The FDA previously set standards only for foods and medicines, but last June, it added a separate set of regulations for dietary supplements. The new rules concern what the FDA has dubbed Current Good Manufacturing Practice in Manufacturing, Packaging, Labeling, or Holding Operations for Dietary Supplements. After a grace period, supplements made in factories that have not been certified under the new standards will not be permitted into the United States.
Toyo Shinyaku received certification for its Tosu factory in Saga Prefecture, where nearly all of the company's dietary supplements are manufactured. The company has a line of 112 products that have been designated by the Health Ministry as Foods for Specified Health Use -- the most of any company in Japan.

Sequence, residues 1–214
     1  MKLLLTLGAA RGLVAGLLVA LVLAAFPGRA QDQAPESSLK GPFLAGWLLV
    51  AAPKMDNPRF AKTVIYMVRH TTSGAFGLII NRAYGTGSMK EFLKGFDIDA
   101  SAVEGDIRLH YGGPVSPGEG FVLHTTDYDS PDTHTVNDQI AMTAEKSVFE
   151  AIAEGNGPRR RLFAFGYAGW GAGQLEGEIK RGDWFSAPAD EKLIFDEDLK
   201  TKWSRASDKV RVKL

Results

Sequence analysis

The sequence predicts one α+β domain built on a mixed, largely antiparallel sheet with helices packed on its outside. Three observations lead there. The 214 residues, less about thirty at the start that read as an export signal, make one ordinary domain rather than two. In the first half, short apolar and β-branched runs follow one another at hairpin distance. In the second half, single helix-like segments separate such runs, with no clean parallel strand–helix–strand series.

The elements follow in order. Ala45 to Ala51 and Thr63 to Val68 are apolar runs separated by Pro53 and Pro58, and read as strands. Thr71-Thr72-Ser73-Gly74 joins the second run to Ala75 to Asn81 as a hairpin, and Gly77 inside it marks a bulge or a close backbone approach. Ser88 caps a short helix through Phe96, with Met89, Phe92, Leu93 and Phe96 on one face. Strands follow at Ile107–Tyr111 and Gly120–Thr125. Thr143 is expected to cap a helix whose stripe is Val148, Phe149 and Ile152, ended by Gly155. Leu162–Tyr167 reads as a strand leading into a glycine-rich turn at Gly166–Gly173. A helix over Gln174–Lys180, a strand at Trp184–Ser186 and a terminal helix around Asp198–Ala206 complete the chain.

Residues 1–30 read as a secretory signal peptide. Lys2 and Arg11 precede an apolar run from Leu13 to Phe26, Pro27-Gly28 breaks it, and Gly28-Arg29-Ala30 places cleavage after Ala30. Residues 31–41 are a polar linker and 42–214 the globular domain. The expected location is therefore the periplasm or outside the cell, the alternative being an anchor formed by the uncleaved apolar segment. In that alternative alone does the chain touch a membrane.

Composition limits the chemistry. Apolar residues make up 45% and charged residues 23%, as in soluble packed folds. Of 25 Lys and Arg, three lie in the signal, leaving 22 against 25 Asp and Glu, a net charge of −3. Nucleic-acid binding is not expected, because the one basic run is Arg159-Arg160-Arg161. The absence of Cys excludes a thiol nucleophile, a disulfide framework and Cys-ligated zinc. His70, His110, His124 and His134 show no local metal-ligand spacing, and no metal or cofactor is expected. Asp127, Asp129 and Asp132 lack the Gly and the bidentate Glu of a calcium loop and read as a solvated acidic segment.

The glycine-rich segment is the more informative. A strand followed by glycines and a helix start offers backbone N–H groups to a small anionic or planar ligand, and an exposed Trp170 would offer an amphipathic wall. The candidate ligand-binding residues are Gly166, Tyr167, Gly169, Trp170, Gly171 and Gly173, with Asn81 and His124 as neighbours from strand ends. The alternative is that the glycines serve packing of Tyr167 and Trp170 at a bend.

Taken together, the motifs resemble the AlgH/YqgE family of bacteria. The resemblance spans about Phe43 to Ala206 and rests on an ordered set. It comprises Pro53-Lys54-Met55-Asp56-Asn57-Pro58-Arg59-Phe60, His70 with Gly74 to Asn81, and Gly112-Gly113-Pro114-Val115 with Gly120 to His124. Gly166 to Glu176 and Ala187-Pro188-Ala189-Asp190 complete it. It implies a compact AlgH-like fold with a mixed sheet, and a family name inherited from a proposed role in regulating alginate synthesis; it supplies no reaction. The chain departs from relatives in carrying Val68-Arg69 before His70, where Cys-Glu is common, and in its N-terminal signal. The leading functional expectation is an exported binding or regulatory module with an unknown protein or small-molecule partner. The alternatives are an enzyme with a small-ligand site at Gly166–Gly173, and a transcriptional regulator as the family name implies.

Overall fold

With demand for certified supplements expected to grow among those exporting products to the U.S., Toyo Shinyaku aims to boost the number of clients supplied on a contract basis by 20 per cent to 220 companies.
The FDA's quality-control standards are stricter than the requirements set in Japan's Food Sanitation Law.
From the February 4, 2008, Prepared Foods e-Flash